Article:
(another example is the production of heavy elements in supernovae - which require energy input to happen)
Callippo
1 / 5 (3) Feb 19, 2012
To make it simple: This is wrong.
This is not wrong. http://physicswor...ws/48654 And it's actually very easy to solve it: if the Big Bang theory has no problem with the abundance of heavy elements and with the lack of these lightweight ones, then we should stop the funding of the corresponding solutions ASAP. We, tax payers want our money back after then. We should go trough ArXiv.org article by article and ask for the return of grant money payed for every publication dealing with nucleosynthesis problems back into public resources of grant agencies.
bewertow
1 / 5 (1) Feb 19, 2012
dark matter is made of a new form of matter, something that does not consist of quarks, neutrons or protons
IMO it's mostly composed of common neutrinos. These neutrinos are behaving like the sparse antimatter. We have excessive dark matter and missing antimatter - this hypothesis is therefore the very first one, which should be taken into account. http://aetherwave...ter.html Why is it avoided so carefully?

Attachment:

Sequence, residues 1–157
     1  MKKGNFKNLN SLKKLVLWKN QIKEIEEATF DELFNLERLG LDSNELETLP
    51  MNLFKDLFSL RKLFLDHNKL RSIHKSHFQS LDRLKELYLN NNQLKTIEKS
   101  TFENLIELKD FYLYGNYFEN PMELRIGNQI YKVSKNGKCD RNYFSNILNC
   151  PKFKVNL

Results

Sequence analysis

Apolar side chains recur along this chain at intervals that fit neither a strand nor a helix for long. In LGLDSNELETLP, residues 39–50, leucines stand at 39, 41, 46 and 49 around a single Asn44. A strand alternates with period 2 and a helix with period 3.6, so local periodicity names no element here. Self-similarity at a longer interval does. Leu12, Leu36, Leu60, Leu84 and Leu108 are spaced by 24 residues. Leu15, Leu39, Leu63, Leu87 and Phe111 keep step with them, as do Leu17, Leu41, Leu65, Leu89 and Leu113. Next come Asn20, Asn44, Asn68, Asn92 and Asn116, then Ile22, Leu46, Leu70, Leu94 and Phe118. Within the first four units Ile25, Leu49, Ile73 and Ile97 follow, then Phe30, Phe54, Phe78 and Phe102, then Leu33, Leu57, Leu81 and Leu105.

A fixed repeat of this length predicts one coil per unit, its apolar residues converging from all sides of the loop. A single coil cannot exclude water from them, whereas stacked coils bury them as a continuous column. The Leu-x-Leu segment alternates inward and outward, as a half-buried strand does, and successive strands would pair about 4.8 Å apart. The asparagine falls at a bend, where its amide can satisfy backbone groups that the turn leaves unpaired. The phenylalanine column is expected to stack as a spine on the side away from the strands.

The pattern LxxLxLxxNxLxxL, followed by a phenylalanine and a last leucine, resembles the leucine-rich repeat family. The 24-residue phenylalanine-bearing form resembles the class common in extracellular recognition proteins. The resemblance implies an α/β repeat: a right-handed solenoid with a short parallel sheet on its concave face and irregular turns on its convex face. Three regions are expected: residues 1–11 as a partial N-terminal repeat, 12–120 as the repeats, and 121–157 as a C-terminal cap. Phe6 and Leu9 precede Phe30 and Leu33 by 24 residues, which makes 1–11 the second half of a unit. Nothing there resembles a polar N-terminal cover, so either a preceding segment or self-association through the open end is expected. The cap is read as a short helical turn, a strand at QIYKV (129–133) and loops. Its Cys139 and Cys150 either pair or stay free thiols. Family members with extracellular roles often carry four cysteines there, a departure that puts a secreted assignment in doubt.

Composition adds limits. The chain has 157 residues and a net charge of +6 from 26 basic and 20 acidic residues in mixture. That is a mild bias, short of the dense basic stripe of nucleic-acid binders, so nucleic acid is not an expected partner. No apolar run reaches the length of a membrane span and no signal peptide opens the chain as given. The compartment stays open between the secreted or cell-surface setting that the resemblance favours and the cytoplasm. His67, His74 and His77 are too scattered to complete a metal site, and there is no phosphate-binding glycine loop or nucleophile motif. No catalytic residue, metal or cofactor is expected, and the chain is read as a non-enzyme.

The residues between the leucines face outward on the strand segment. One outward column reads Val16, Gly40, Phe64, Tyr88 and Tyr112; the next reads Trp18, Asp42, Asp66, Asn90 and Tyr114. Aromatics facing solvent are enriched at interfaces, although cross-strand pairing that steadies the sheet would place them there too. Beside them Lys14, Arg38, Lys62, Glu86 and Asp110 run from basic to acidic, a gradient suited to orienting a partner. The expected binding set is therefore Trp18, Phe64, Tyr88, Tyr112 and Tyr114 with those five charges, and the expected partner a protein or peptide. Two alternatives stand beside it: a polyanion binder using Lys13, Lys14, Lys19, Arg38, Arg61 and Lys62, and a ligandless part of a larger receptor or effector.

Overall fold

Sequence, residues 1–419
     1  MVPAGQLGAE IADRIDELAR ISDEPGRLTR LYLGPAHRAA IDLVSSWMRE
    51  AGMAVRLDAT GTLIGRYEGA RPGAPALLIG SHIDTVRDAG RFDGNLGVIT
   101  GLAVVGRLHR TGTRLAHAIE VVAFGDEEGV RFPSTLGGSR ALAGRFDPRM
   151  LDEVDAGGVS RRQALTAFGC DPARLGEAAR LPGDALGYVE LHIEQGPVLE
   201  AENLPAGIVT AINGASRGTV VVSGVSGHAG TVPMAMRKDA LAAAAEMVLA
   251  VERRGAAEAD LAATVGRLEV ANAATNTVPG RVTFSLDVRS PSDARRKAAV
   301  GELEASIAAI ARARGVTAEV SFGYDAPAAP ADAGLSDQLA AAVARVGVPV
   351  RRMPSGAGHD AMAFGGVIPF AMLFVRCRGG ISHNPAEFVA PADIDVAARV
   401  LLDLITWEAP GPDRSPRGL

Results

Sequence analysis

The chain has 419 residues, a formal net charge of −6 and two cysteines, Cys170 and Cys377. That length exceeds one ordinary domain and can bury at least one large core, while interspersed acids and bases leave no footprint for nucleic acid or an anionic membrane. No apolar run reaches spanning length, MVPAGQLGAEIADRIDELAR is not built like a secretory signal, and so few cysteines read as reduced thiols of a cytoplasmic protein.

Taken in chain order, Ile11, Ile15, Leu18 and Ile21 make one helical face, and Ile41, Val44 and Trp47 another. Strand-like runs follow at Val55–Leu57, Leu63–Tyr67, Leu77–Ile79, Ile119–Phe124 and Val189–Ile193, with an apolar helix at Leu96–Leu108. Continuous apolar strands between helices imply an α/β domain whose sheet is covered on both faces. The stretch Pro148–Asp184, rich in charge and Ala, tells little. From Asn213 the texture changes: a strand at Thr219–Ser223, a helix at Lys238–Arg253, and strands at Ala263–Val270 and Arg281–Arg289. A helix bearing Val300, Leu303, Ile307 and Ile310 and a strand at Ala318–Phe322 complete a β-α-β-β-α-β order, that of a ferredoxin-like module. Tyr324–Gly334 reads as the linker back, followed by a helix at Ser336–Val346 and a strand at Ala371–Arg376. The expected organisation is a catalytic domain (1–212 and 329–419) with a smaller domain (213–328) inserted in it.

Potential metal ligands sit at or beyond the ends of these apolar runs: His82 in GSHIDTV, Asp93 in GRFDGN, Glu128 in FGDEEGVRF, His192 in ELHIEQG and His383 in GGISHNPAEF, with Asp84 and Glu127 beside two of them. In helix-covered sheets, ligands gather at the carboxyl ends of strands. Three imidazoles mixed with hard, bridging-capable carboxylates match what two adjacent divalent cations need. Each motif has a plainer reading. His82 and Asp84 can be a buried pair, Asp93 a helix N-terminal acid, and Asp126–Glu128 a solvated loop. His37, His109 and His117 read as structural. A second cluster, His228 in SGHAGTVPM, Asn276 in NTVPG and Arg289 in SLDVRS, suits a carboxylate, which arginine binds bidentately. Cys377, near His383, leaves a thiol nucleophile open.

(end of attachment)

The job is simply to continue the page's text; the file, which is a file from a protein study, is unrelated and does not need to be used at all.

reported for aether crap
Turritopsis
1 / 5 (2) Feb 19, 2012
Turbulence causes energy density peaks per volume of space in time. 

Supernovae blasts are so intense that the energy from the stars inner core is squeezed into the stars outer sphere. the energy density goes up. Heavy elements are produced.

Wouldn't the BigBang (the original blast) have the highest level of turbulence wrt the evolution of the universe?

Shouldn't the original blast stemming from a singularity of [hypothesized] infinite mass and density produce heavier elements than any subsequent blast (such as Supernovae)?
Callippo
1 / 5 (3) Feb 19, 2012
reported for aether crap